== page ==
Jonah Goldberg nailing the odd moment Conservatives find themselves in.
This redefining of conservatism into Trumpism will hardly be limited to defending America’s most successful abortion mills. Donald Trump is fundamentally opposed to entitlement reform. He is vaguely for some kind of health care mandate and praises European nationalized health care systems. He suggests that those who disagree are for letting people “die in the streets.”
Indeed, across a range of issues, Trump argues for his own brand of strong-government conservatism grounded not in, say, Bush’s faith in God, but in Donald Trump’s faith in himself. He has never shown more than the briefest nod to traditional conservative concerns about limited government, personal liberty or the Constitution. Winning is his lodestar, and he will do what is required to “win” and he will proclaim that “common sense.” Democrats can’t see it, but Trump represents a massive victory for the left in so far as he’s the first major Republican figure to successfully reject libertarianism, even rhetorically.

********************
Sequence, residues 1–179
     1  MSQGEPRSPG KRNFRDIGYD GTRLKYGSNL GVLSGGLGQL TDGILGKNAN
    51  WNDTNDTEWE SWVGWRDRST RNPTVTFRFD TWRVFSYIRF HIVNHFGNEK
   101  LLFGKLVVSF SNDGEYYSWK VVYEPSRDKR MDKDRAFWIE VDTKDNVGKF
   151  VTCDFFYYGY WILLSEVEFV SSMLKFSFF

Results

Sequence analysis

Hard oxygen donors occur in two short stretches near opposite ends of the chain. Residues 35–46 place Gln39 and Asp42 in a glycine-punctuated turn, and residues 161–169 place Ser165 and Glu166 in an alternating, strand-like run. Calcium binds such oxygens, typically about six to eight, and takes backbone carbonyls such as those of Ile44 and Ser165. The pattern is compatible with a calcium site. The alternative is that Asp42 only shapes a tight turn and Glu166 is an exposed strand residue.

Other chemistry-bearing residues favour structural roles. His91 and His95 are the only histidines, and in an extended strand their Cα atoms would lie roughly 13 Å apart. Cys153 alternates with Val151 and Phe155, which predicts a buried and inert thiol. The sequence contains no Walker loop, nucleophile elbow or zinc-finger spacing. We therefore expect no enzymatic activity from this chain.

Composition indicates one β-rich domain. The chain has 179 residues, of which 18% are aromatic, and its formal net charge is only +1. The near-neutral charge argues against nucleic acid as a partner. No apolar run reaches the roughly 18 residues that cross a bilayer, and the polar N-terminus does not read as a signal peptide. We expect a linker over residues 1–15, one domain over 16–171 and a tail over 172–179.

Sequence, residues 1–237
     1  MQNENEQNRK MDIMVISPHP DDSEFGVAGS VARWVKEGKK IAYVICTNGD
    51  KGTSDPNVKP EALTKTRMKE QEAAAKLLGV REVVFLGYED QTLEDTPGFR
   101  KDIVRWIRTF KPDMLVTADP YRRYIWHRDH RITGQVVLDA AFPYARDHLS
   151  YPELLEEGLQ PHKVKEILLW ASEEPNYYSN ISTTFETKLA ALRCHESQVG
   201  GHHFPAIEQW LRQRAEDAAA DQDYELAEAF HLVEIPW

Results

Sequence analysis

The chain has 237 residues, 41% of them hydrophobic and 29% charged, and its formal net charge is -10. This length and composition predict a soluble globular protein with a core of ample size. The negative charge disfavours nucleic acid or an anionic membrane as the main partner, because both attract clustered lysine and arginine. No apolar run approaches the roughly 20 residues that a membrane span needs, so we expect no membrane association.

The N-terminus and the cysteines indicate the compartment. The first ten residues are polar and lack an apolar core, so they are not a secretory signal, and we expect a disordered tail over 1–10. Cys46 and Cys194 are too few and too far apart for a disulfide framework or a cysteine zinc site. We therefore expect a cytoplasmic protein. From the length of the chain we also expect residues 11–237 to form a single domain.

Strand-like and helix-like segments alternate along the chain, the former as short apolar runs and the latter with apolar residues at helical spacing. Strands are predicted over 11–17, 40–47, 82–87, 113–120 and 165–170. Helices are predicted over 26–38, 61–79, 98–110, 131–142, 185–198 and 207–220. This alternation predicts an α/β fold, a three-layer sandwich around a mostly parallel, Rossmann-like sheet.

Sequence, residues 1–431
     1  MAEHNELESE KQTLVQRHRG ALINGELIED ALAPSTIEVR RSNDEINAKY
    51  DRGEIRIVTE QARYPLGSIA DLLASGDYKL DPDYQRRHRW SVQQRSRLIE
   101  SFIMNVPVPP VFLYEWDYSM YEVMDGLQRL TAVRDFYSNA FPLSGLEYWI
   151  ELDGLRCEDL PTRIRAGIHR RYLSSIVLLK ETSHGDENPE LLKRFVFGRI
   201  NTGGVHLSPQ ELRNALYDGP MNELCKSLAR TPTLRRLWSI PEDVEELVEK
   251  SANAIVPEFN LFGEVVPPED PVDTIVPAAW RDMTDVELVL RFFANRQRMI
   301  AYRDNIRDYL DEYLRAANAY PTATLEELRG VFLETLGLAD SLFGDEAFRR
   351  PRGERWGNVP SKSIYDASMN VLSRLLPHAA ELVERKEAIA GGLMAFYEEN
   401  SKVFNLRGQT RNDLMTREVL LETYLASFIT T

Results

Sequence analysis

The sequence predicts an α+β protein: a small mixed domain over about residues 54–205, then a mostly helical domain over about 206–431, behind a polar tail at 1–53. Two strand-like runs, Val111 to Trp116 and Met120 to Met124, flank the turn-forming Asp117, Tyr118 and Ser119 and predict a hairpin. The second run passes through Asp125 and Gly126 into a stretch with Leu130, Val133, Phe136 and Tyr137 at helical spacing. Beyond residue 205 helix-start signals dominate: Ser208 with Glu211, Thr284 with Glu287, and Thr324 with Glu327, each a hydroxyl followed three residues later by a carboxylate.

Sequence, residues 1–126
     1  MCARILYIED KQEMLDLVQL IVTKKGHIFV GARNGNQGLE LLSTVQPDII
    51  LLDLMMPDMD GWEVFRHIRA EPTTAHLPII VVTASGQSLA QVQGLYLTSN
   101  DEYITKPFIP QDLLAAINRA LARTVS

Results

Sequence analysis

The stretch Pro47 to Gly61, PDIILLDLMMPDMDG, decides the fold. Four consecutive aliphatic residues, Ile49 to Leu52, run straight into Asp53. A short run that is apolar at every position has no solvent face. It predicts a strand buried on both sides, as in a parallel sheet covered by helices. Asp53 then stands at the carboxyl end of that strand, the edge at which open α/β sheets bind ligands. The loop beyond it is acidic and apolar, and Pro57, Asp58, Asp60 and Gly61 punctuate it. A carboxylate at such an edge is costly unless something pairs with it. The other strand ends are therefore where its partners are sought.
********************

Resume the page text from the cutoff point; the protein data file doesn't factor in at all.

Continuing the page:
If Trump is successful, liberty-oriented conservatism will be replaced by so-called common sense statism. And those who complain will be dismissed as “so-called conservatives.”